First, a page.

Union questions Ontario's return-to-office plans

'Employees shouldn't be finding out when they're due back through news outlets'

Union questions Ontario's return-to-office plans

A union is raising questions about the Ontario government’s plans to return to the workplace.

“Ontario Public Service employees shouldn’t be finding out when they’re due back in the workplace through news outlets,” says AMAPCEO president Dave Bulmer, referring to a March 1 CTV News article.

“They deserve to hear it directly from their employer first.”

Employees are expected back at the office on April 4, for a minimum of three days a week.

But this plan “represents a departure” from the Graduated Return to OPS Workplaces Plan (GROW) meant to ensure the government made decisions that prioritize the health and well-being of members, says the union.

AMAPCEO says it is awaiting further details of the return-to-work plan “to make sure it is as flexible, gradual, and safe, as they first promised.”

The requirement for employees to provide proof of vaccination or undergo regular testing will also be lifted on April 4, according to the Toronto Star, citing an internal announcement.

While public health authorities may lift vaccine restrictions, employment lawyers caution employers on doing the same.

Temporary arrangement

The return of roughly 29,000 employees to a hybrid arrangement is not permanent, according to Ontario Secretary of Cabinet Michelle DiEmanuele, in a memo cited by the union.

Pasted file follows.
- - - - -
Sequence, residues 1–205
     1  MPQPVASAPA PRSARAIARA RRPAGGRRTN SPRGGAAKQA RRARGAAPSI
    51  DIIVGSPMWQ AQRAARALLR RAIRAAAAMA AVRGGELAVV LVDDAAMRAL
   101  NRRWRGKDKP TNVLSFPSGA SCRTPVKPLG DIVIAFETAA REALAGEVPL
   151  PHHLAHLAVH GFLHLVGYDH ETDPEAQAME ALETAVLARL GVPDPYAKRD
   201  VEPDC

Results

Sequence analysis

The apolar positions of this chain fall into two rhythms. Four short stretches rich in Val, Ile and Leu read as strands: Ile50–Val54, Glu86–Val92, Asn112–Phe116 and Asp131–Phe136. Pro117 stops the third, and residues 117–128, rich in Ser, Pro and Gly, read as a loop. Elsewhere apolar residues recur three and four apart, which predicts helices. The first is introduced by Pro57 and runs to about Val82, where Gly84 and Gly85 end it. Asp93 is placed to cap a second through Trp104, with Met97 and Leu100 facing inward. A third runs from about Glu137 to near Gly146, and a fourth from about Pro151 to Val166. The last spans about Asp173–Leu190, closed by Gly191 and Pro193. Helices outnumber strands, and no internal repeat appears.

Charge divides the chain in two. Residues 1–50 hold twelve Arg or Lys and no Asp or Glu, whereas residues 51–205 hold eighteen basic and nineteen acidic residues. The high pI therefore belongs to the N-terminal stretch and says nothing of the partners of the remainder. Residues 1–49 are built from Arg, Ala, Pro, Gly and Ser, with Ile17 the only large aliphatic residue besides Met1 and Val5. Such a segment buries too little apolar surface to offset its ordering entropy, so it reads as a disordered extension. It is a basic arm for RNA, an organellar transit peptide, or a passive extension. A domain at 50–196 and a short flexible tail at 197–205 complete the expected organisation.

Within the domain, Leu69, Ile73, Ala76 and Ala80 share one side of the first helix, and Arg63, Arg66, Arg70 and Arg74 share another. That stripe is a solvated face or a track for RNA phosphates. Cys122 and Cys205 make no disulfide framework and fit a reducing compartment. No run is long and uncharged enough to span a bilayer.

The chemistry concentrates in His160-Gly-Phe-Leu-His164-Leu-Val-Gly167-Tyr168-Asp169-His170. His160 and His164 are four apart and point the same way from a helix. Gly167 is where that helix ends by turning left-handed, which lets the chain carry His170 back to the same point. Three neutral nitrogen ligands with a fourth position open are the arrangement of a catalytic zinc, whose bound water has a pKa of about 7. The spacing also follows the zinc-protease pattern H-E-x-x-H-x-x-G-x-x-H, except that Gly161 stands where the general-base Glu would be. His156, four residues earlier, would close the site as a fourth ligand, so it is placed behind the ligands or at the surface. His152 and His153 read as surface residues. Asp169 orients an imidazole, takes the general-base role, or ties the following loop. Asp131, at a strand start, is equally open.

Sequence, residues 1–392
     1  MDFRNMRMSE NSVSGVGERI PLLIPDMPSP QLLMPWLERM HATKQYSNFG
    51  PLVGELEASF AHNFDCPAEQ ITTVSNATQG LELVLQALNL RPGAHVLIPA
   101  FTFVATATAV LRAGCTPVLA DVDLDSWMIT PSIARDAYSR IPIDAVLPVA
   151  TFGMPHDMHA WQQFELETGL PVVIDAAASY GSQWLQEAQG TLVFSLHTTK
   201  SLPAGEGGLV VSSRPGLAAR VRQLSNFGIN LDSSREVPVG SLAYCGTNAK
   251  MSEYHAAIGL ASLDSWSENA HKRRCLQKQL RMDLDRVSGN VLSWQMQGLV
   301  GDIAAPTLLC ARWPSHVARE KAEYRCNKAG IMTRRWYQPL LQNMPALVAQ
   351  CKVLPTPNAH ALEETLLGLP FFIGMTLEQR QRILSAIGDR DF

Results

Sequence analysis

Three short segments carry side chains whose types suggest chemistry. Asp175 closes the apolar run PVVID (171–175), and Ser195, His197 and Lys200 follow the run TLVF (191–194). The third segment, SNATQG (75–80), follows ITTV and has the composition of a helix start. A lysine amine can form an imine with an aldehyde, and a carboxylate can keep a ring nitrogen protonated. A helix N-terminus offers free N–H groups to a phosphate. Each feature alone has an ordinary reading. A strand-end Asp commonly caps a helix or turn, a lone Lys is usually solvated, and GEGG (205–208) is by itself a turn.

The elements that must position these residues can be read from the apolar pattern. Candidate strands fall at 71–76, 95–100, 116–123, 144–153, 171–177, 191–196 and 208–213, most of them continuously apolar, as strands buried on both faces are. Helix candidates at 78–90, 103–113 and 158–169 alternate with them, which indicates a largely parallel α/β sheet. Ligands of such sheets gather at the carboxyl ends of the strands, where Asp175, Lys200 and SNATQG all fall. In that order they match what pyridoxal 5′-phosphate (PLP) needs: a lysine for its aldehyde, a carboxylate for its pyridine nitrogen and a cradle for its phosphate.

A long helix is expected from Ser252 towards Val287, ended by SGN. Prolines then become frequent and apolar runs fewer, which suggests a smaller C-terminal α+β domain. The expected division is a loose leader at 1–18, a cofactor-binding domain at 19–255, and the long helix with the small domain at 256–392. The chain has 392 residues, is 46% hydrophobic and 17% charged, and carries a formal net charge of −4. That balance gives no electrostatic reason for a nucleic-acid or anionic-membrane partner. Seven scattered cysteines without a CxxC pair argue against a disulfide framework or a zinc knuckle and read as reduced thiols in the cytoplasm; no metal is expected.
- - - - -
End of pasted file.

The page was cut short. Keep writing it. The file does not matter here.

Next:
“This is a temporary hybrid model. Work is underway with leaders, employees, and bargaining agents on the future of work,” he wrote. “We are doing this work with intentionality and thoughtful planning. We will take an approach that is adaptable, sustainable, equitable and enables us to deliver excellent public services that Ontarians rely on.”

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In September 2021, Google announced it was extending its global “voluntary return-to-office policy” through Jan. 10, 2022 to give workers flexibility and choice as they ramp back. Months later, the company said it would wait until 2022 to assess when U.S. offices can safely return to a “stable, long-term working environment,” according to a report.

Microsoft is getting back to the office, fully opening its new Silicon Valley campus on Feb. 28 along with other California sites.

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